When Marty McFly first goes back in time in a DeLorean souped up into a time machine in the film Back to the Future, he triggers consequences which could blink him out of existence or improve his future life. Subsequent travels by him and others also cause minor and major effects on his family and surroundings. Examples include the triviality of the change in name of a mall in 1985 from Twin Pines to Lone Pine due to Marty driving over a young pine tree 30 years before, or the personality reverse of his father from mealy-mouthed white collar worker to ass-grabbing sci-fi novelist.
These changes are all exhaustedly detailed in a timeline of the events leading up to and happening in and around scenes of the film trilogy. As each use of the time machine alters time itself, not one but eight timelines are needed to visualise what happens. The most complete timeline can be found on the fansite Futurepedia, while a decent information graphic has been made by another fan of the films.
The first attempt to describe intertwined time travel changes in the film most likely showed up on Usenet postings about the film in the early 1990's, and expanded into a wiki entry in the mid 1990's. In 2004, a version of the timeline was added to Wikipedia, and subsequently edited for the next 5 years.
The timeline is still on Wikipedia --if you are in the right time and place-- for it was deemed that the timeline be moved into the main page for the film. Soon after, editors then considered the information to be 'original research' and thus not within Wikipedia's scope of being an encyclopedia of knowledge and events, rather than a repository of essay, compositions or obsessive trivium. The timeline in the film page was removed, yet because Wikipedia keeps a record of all edits, you can still find the timeline.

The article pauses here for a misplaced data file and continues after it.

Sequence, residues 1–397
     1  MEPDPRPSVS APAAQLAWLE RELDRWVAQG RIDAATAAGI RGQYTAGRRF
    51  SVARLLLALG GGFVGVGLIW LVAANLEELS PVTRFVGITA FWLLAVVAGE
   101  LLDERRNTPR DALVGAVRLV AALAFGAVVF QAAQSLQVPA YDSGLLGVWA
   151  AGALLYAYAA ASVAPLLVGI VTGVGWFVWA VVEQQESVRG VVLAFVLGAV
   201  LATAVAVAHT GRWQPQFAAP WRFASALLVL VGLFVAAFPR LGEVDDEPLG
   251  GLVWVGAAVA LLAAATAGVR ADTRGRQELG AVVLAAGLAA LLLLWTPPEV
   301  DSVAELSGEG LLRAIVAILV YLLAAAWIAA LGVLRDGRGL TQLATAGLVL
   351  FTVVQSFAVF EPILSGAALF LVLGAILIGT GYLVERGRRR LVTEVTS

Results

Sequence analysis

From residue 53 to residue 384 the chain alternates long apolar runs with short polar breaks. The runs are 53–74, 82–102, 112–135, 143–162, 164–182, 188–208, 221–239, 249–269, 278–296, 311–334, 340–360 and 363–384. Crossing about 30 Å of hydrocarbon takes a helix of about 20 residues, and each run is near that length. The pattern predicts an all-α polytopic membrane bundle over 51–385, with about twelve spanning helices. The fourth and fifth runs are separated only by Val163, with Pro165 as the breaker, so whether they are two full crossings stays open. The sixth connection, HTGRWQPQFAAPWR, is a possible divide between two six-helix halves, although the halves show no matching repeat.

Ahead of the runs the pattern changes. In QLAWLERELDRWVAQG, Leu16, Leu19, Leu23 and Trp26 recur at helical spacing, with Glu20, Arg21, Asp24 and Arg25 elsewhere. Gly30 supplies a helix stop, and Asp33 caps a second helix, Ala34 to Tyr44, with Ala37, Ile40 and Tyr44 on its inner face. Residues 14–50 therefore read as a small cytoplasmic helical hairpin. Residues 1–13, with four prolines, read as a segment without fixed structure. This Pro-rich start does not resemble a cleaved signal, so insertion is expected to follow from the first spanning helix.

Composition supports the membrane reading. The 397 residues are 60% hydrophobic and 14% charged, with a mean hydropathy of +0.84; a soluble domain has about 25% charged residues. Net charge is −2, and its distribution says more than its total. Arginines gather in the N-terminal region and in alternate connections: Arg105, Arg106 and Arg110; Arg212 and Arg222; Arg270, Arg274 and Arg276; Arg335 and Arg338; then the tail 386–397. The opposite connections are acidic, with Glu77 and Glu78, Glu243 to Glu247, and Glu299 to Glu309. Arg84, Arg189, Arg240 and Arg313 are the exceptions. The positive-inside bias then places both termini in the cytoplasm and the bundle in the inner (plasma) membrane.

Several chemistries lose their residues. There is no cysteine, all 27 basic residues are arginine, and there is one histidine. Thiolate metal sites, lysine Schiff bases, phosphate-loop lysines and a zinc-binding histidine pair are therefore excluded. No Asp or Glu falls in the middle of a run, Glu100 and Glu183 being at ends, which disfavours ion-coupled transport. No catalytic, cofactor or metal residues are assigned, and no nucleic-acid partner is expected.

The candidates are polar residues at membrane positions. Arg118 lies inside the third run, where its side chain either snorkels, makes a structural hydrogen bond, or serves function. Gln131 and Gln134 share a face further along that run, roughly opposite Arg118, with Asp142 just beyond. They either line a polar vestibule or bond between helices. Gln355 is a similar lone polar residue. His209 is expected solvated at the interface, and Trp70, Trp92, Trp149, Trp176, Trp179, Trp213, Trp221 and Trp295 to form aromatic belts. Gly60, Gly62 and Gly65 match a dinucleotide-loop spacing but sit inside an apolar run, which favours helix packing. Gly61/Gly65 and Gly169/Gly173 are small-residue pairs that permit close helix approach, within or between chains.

I write this on the tenth anniversary of Wikipedia's creation, and this is my tribute to a knowledge resource that is beyond anything I could have imagined in 1985, or even 1989, when I saw Back to the Future II, which showed a future in 2015 of flying cars, hovering skateboards and self-lacing sneakers. Here is a place I can use as a springboard for discovering anything I want to begin learning about history, science, art, places and philosophy. It presents what it assumes is a neutral point of view and as such tries to show the truth as what is known at the time... and can be updated as more facts become known. At the same time, there is full disclosure: when someone tries to insert a fiction into a fact, there is a history of each page available, allowing one to see what's been changed. Compared with the agendas of encyclopedias of the 20th century and the rewriting of history so prevalent in school textbooks, this online experiment proves the grassroots world sharing hopes of early Internet promise. With a homogenised language and the freedom of anybody being able to edit it, Wikipedia can be easily dismissed-- by the same people who use it as the first point of call for fact-checking and research. The curse of its limits is its blessing: it has become exactly what it set out to be.
At the end of Back to the Future, Doc Brown collects Marty and his girlfriend in his car and heads off to the future as his car takes flight, saying 'Where we're going, we don't need roads.' Four years later, in the sequel, the same scene is repeated at the beginning of the film, except the actress playing the girlfriend has changed. I always thought it was changed because the filmmakers thought the original actress wasn't up to scratch, but, Wikipedia tells me (with a reference to an article by someone who interviewed her) she had to drop out due to her mother's illness. It seems like a trivial thing, but this knowledge makes my appreciation of the films just a bit more human. Thanks Wikipedia!